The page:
In McFadden v. Allen (134 N.Y. 489), FOLLETT, Ch. J., said: "The plaintiff testified that it was orally agreed between himself and his father that the former should take possession of the property, have the use of it, and when he had paid the mortgage he was to have a deed.Summary of this case from Messiah Home for Children v. Rogers
Argued June 13, 1892
Decided October 1, 1892
C.A. Kellogg for appellant.
John C. Keeler for respondents.
In determining as between mortgagor and mortgagee, whether articles are or are not fixtures, the same rules prevail which are applicable to cases arising between grantors and grantees. ( Snedeker v. Warring, 12 N.Y. 170; Gardner v. Finley, 19 Barb. 317; Laflin v. Griffiths, 35 id. 58; Robinson v. Preswick, 3 Edw. Ch. 246; Main v. Schwarzwaelder, 4 E.D. Smith, 273; 1 Dart V. and P. [6th ed.] 607; 1 Jones Mort., sec. 428.) And as between mortgagor and mortgagee the same rules are applicable to articles placed on the mortgaged premises by the mortgagor after the execution of the mortgage. ( Gardner v. Finley, 19 Barb. 317; Rice v. Dewey, 54 id. 455, 472; Sullivan v. Toole, 26 Hun, 203; Walmsley v. Milne, 7 C.B. [N.S.] 115, 135; Winslow v. Merchants' Ins. Co., 4 Met. 306; Ex parte Belcher, 4 Pa. D. C. 703; Ex parte Reynal, 2 M.D. De Gex, 443; 1 Jones Mort., § 436; 1 Sug. Vendors [7th Am. ed.] 37, note 1; Phœnix Mills v. Miller, 4 N.Y.S.R. 787.) In the case last cited the rule was well stated, as follows: "A mortgagee of real property is entitled to have his lien respected as to all that was realty when he accepted the security; also as to all accession to the realty, save, perhaps, when the accession is made under an agreement with the party that its purchase price or expense shall be secured and is secured by a lien thereon."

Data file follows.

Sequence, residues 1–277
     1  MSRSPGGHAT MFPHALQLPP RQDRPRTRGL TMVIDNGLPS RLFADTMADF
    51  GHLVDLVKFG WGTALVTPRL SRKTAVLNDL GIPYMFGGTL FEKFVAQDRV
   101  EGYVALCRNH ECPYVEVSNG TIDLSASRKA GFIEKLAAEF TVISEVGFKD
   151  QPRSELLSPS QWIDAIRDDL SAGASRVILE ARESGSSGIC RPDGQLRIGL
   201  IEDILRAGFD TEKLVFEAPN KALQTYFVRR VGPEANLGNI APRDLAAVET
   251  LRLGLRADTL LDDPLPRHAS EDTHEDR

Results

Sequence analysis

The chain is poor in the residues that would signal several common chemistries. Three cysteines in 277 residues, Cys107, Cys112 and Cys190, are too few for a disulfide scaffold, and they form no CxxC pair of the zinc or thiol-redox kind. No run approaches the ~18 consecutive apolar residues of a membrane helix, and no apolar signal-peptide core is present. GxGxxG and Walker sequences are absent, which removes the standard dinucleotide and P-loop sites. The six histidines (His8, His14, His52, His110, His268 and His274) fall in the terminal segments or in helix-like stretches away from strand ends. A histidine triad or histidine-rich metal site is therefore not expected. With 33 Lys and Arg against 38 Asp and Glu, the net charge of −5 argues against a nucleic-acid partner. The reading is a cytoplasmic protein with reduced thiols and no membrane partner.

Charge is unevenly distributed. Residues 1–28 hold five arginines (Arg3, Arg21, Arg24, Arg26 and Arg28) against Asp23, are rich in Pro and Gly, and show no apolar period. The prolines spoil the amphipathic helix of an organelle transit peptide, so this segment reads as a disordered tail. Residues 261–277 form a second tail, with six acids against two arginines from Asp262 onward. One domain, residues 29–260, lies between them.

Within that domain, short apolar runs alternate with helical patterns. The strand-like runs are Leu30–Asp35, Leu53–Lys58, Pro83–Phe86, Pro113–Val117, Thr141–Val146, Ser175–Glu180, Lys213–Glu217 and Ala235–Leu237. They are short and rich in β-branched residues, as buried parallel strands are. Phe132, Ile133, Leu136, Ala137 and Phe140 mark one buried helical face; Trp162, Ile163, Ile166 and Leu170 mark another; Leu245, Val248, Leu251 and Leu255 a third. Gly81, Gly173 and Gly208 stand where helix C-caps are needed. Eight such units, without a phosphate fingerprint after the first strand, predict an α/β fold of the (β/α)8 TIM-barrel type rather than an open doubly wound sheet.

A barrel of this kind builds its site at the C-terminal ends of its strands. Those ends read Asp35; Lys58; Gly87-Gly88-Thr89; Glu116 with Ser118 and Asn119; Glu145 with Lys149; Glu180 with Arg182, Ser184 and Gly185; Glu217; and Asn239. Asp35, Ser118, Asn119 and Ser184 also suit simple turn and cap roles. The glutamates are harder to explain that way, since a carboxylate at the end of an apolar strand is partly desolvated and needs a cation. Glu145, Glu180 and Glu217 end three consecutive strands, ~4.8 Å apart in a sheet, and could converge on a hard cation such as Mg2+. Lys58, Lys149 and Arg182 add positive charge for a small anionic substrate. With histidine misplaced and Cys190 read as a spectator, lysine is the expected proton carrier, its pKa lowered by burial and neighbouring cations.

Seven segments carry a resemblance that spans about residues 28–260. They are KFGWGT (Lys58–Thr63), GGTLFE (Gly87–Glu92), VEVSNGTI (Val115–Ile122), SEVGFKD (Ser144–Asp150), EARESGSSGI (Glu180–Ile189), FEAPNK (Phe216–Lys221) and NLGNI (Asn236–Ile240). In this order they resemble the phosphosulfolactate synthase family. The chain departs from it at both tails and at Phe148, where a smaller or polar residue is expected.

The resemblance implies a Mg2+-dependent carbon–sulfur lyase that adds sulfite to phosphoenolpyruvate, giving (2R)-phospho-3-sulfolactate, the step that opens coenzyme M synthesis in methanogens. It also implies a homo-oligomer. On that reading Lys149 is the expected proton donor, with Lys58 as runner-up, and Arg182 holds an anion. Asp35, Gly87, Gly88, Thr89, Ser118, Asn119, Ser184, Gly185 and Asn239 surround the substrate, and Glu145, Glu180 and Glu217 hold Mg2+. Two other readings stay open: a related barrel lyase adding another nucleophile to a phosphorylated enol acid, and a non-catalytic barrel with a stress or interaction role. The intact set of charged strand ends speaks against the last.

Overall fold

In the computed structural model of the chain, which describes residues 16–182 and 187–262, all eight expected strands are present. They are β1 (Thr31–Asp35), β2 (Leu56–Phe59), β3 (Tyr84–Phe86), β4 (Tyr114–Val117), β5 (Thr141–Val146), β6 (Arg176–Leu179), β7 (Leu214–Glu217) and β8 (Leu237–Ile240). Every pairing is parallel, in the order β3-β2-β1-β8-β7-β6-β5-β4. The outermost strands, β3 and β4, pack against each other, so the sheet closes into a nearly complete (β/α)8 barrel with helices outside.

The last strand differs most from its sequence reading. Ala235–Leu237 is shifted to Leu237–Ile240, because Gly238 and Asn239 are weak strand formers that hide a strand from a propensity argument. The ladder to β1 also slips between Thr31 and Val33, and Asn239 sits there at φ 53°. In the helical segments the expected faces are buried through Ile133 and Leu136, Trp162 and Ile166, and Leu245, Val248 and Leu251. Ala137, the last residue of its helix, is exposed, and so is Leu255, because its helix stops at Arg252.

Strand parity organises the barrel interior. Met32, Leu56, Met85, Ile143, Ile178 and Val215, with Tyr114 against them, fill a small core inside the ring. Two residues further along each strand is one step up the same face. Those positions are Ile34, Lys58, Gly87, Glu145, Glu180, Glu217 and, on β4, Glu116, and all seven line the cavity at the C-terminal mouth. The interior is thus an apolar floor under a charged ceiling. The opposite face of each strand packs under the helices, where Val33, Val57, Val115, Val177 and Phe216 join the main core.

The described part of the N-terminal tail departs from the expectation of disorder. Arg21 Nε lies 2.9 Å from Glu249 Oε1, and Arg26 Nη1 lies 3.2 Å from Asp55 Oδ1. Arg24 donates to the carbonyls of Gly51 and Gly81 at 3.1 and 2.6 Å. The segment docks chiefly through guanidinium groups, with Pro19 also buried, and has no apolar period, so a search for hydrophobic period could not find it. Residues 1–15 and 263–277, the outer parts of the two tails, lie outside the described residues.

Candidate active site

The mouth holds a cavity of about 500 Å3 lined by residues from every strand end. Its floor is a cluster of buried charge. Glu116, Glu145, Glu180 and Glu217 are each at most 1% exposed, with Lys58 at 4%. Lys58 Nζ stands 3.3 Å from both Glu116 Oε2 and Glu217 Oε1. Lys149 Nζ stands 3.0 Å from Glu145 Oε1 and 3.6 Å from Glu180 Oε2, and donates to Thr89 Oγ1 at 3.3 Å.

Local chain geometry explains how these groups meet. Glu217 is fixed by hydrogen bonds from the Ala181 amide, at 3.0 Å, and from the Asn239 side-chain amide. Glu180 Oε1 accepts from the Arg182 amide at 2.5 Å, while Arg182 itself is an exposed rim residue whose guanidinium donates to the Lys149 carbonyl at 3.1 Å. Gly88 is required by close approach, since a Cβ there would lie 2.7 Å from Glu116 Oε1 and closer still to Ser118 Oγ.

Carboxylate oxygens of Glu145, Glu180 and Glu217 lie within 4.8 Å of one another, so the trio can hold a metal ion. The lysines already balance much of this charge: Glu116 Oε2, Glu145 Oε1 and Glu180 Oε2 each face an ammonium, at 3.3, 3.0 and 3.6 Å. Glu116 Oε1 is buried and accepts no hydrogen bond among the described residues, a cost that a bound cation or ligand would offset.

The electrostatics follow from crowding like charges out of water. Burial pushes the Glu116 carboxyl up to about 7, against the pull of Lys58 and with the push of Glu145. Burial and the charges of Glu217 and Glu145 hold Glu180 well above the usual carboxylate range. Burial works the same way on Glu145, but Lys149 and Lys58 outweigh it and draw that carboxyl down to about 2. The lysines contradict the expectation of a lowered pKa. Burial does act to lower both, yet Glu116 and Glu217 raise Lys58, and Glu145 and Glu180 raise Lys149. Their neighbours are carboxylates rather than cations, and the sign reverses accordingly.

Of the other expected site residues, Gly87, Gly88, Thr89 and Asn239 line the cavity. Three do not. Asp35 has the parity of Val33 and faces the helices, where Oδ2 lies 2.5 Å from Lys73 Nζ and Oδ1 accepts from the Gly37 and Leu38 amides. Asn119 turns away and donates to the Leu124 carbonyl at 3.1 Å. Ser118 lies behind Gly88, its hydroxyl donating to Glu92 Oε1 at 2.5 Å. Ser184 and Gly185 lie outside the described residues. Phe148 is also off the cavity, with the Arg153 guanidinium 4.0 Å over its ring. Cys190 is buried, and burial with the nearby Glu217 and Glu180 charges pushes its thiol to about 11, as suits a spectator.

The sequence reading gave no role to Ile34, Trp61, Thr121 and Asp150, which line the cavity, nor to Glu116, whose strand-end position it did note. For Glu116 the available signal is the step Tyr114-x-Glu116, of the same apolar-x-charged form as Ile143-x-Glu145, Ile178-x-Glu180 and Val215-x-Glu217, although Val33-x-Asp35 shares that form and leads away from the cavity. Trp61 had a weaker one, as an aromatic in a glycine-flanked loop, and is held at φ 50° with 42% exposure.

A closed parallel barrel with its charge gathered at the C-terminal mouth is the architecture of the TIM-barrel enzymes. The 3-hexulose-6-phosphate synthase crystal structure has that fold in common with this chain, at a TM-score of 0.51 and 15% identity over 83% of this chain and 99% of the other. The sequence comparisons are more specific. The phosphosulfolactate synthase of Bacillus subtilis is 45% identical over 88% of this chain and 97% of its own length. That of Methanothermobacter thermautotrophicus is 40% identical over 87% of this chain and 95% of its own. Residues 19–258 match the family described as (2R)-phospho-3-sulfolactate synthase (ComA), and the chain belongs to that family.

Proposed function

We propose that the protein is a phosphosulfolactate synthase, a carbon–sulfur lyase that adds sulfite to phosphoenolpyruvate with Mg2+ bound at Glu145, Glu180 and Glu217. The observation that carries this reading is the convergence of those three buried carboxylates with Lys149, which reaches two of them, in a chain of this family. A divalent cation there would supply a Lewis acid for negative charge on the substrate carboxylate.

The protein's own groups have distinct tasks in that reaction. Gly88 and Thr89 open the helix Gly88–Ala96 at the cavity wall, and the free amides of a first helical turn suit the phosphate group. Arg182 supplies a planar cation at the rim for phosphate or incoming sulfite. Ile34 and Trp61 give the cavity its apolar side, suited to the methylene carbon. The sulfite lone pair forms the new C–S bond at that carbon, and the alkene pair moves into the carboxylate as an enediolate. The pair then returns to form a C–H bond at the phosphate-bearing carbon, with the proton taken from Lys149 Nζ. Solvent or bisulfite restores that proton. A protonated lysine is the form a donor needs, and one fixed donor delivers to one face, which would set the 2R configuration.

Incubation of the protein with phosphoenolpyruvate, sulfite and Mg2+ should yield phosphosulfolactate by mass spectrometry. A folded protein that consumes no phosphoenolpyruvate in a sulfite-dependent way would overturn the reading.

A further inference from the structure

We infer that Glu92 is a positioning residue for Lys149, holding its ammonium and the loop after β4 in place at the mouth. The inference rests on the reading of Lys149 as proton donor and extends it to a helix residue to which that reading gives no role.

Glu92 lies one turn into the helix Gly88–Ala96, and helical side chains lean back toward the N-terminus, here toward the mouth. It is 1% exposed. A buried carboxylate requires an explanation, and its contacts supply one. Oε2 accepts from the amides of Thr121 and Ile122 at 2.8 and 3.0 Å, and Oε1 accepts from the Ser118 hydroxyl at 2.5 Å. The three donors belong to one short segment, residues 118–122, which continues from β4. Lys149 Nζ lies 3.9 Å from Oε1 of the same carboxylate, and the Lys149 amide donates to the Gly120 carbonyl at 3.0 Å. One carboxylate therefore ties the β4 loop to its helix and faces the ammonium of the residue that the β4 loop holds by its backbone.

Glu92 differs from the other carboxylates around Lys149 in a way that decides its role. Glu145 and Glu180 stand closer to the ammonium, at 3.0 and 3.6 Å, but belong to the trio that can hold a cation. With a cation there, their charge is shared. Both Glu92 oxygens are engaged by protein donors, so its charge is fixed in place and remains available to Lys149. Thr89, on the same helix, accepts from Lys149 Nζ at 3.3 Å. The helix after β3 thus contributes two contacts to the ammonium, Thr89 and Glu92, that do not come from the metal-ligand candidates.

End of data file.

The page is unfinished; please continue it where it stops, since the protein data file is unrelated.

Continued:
The same rules apply to articles annexed to the premises by a subsequent grantee or vendee in possession under an executory contract to purchase. ( Eastman v. Foster, 8 Met. 19; Lynde v. Rowe, 12 Allen, 100; Glidden v. Bennett, 43 N.H. 306; Cooper v. Adams, 6 Cush. 87; Ogden v. Stock, 34 Ill. 522; Poor v. Oakman, 104 Mass. 309, 318; 1 Wn. R.P., page 2, par. 4.)
Bearing these general rules in mind, it remains to apply them to the particular facts involved in the case at bar, which briefly are as follows: Jeremiah McFadden was the owner in fee of eighteen acres of land, upon which was a mill-pond, saw-mill, dwelling and barn. December 11, 1878, he mortgaged the property to Orson Wallace to secure the payment of $400 five years thereafter, with semi-annual interest, which mortgage was duly recorded September 2, 1879. The plaintiff, a son of Jeremiah McFadden, occupied the premises from December, 1879, until May 21, 1887, when he was ejected by a writ of assistance issued in and in pursuance of a sale made by virtue of a judgment foreclosing said mortgage.
The plaintiff testified that it was orally agreed between himself and his father that the former should take possession of the property, have the use of it, and when he had paid the mortgage he was to have a deed. The son was to make such improvements as he chose, with the right of removing them if he failed to pay the mortgage and acquire the property. Under this contract the son occupied the property for nearly eight years, and added to it some new buildings and machinery. Under this contract the plaintiff became the equitable owner of eighteen acres, and on paying the mortgage could have compelled a conveyance of the legal title by his father. ( Freeman v. Freeman, 43 N.Y. 34.) The plaintiff could have devised the land, and, had he died intestate, his interest held under this oral contract would have descended to his heirs subject to the dower right of his widow. ( Cogswell v. Cogswell, 2 Edw. Ch. 231-239; Griffith v. Beecher, 10 Barb. 432; Warren v. Fenn, 28 id. 333; Dayton's Surrogate [3d ed.], 630.) While in possession of the eighteen acres under this arrangement with the father, the plaintiff and his father, with their wives, executed a mortgage on the eighteen acres and another parcel of thirty-seven acres June 16, 1885, to secure $634.26 to Francis L. and Anna M. Harrison, who were made defendants in the action to foreclose the first mortgage, and they became the purchasers at the sale and afterward conveyed to the defendant. It is not asserted that Wallace, the first mortgagee, or the Misses Harrison had notice, actual or constructive, of the alleged contract between the father and the son. The son, by the execution of the mortgage, treated the eighteen acres as his own, and the buildings and the machinery as a part of it, and he cannot now be permitted to assert as against the Misses Harrison or the defendant, their grantee, that the buildings and machinery were not fixtures.